In the end, though, it has often been difficult to untie Louisville's defense from its offense this year. Turnovers turn into points, which turn into leads, faster for Louisville than almost any team in the country. The fact of the matter is, the Cardinals are more than capable of guarding in the half court, too. How they choose to go about the task of guarding the nation's No. 1 offense will be fascinating, to say the least.
Michigan's key: Don't turn it over. Attack. And then go play. This is almost blindingly obvious, but that doesn't make it any less true. Michigan simply cannot turn the ball over against the Cardinals and hope to win Monday night.
The Wolverines' offense is good for a wide variety of reasons, particularly its accuracy from beyond the arc (37.7 percent) and especially inside it (53.3 percent). But you can't get those usually-accurate shots up if you give possessions away. The main reason Michigan is the most efficient offense in the country is the Wolverines turn it over less than any team (just 14.5 percent of their possessions). Despite its status as the second-best turnover-enabling squad in the country (which is a nice way to put it, I think), Louisville can score without forcing turnovers, and Michigan is as die-hard in its devotion to preventing transition defense as anyone. There are some caveats here, in other words. But it's almost impossible to imagine Michigan not taking care of the ball and still finding enough in other areas to compensate. Once the Cardinals put you in that blender, it is very difficult to get out.
Of course, the difference between Louisville and VCU -- the nation's chief practitioners of the turnover arts -- is the Cardinals can guard on possessions even when it doesn't force the opponent to cough up the ball. After the press has exhausted itself, the Cards switch back into their matchup zone defense. It is as tough as any half-court formation Michigan will have seen all season, Syracuse included.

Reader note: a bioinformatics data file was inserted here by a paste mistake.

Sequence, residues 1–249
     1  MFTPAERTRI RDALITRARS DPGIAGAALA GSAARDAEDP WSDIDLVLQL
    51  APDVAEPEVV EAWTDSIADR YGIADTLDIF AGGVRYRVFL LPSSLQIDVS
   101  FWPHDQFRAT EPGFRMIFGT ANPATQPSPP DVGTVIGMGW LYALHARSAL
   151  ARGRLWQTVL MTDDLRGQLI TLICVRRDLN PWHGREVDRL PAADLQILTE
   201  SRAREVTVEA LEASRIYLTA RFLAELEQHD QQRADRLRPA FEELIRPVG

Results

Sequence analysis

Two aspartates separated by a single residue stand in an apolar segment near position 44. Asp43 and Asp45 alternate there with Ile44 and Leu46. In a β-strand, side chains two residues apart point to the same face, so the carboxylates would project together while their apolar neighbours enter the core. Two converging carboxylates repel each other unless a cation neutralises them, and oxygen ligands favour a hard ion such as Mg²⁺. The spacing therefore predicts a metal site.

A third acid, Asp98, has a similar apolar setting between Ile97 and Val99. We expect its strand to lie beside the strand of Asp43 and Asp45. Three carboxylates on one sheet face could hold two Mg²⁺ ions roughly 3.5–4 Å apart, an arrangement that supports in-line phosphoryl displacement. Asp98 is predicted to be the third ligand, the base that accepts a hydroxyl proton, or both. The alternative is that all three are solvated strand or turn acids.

This is why when Villanova coach Billy Lange discussed the Cardinals with me last week, he stressed the importance of attacking Louisville after you break the press. You'd rather face one defense than two on the same possession, and if you can inbound the ball running, and get across half court with a 5-on-4 or 4-on-3 advantage, you have to attack and try to get an easy shot.
That is especially the case for Michigan, which is perfectly suited to get good looks in the fast and secondary break. Burke is the best decision-maker in the country. Tim Hardaway Jr. and Nik Stauskas are deadly spot-up shooters. Glenn Robinson III and McGary are constantly rim-running, ready to finish from any which angle. If this gets into an up-and-down game and Michigan routinely breaks the press, look out.
And if the game doesn't get into breakneck speed? If the Wolverines are stuck grinding it out in the half court? Fine. Then it's time to just go -- to play conceptually, as Lange termed Villanova's anti-Louisville-zone philosophy last week.
Not for nothing, Beilein agrees.
"What you're hoping is that you've been getting ready for that since October 15th," Beilein said. "You don't know whether you are, but just you got to dribble it strong, you got to pivot well, pass well, play with your eyes up. Those are things these guys have been working on all year long."
All the X's and O's scouting in the world -- or less scouting than either coach would prefer, in this case -- doesn't change that simple fact that the end of the day, it's just players making plays.
Enjoy the title game, everyone.